BRIGE: Development of Self-Programmable CMOS Analog Circuits and Systems

Today's stringent low-power requirements, along with the reduced signal swing, present a non-trivial problem for analog circuit designers. Additionally, the increasing device mismatch, do to technology scaling, have forced designers to look for alternate design approaches. Programmable/reconfigurable electronics, used in the analog domain, have recently emerged as a viable solution for these problems.

Intellectual Merit: The proposed research aims to advance the state of the art in analog circuit design through the development of self-programmable analog memory elements. The main effort of this work will center on developing a circuit infrastructure that will allow for automated programming of reconfigurable circuits. The proposed architecture seeks to abstract the programming issues from the designer, thus greatly simplifying the use of these devices. The developed self-programmable architecture will lay the foundation needed for developing novel high-performance programmable/reconfigurable circuits and systems by taking care of the programming issues involved with floating-gate transistors. Additionally, this work will use the developed architecture as a new tool to design novel high-performance analog circuits. The proposed self-programmable memory will also be incorporated in the design of large-scale field-programmable arrays, thus enabling faster programming cycles. The intellectual merit of this research includes the design and development of: 1) an on-chip self-programmable circuit infrastructure for analog memories and reconfigurable systems, 2) a programmable temperature insensitive voltage/current reference, 3) a programmable low-dropout voltage regulator, and 4) a large-scale field-programmable analog array for fast programming cycles.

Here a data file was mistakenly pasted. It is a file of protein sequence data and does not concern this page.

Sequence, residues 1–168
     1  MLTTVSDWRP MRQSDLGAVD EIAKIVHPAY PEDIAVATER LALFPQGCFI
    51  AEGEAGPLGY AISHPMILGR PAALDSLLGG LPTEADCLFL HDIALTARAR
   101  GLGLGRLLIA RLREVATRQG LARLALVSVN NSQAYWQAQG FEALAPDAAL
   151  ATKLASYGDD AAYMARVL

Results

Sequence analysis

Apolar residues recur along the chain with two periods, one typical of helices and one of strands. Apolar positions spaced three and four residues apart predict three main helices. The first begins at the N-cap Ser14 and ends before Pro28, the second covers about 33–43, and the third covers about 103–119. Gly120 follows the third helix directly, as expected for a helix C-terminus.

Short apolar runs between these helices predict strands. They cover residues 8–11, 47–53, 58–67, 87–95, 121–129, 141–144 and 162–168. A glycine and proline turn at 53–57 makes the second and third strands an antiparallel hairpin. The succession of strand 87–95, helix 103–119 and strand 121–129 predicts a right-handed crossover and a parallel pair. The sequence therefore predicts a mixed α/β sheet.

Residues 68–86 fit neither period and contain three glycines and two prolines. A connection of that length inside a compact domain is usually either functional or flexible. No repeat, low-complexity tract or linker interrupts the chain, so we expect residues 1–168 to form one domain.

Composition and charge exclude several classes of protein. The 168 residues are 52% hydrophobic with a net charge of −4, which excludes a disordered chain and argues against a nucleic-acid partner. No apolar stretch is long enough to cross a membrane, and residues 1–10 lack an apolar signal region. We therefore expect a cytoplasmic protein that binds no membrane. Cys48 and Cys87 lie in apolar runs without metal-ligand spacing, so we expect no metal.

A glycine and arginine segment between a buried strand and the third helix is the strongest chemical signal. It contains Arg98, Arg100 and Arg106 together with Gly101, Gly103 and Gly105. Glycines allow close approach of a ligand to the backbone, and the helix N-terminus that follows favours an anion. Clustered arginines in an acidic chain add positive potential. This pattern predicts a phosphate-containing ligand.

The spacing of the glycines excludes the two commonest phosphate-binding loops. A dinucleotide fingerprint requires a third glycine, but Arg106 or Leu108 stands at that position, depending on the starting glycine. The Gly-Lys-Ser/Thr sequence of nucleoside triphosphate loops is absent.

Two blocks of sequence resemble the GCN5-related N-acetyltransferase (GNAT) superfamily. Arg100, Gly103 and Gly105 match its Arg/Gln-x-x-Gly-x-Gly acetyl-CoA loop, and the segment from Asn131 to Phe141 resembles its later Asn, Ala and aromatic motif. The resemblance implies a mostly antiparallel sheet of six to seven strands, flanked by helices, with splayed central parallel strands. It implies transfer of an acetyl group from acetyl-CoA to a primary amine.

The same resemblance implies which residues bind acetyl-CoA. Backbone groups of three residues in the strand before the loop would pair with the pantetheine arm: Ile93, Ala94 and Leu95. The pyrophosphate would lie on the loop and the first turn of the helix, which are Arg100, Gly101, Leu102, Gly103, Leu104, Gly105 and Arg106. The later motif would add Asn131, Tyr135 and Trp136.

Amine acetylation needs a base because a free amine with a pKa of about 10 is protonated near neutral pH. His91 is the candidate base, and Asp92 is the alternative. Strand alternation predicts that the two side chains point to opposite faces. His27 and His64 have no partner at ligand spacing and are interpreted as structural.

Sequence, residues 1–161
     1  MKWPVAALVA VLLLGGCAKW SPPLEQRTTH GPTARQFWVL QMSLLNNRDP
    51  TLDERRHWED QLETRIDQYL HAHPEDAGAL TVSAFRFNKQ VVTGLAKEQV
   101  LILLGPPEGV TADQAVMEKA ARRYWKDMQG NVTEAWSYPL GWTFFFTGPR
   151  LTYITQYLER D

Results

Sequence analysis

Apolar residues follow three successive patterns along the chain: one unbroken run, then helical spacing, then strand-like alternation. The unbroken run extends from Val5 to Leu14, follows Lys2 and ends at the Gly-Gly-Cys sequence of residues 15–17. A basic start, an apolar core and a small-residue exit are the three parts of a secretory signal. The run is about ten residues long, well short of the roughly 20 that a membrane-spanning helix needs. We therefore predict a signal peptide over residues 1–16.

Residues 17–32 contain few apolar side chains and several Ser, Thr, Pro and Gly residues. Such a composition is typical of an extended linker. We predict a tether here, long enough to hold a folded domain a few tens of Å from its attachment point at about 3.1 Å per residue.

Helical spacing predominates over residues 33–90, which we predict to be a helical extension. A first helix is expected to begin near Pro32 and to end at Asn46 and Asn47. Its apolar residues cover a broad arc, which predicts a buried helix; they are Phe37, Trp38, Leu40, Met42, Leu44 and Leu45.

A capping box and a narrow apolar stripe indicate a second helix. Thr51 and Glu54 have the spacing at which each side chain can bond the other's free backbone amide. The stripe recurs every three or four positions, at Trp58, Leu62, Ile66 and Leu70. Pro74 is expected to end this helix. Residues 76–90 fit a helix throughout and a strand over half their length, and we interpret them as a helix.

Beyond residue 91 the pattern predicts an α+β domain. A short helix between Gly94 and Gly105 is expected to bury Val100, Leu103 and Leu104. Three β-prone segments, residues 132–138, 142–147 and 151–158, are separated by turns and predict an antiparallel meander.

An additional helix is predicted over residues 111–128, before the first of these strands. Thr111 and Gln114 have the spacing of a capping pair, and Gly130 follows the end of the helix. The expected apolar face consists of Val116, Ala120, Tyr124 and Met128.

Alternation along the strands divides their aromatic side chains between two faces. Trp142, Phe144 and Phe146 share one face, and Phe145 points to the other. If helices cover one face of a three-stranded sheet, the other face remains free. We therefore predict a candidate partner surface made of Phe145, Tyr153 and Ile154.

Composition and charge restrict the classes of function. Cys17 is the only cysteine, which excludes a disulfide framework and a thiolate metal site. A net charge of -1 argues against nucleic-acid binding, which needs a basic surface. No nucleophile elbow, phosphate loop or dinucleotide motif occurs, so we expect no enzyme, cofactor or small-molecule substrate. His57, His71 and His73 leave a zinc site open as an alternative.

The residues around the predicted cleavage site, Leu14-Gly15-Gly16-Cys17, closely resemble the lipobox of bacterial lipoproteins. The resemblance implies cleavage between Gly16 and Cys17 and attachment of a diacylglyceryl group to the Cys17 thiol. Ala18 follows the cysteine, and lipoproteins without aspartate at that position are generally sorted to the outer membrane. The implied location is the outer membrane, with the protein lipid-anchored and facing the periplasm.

Broader Impacts: The proposed research effort will have broad impact by developing a core architecture for self-programmable reconfigurable circuits and systems that will be widely used by circuit designers in the analog community. The developed architecture will become a new tool that will allow designers to overcome the research challenges present in today's technology. From an educational perspective, the proposed work will provide research experience to senior undergraduate and graduate students, at the University of Puerto Rico - Mayagüez, in the design, fabrication, and testing of microelectronic devices. This experience will definitely complement their academic preparation, allowing for the training of the next generation of Hispanic professionals in the area of integrated circuit design. In addition, the support of the research and educational activities outlined in this proposal will help the establishment of the Electrical Engineering doctoral program at the University of Puerto Rico - Mayagüez, thus promoting and increasing minority participation in engineering research.

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University of Puerto Rico Mayaguez
United States
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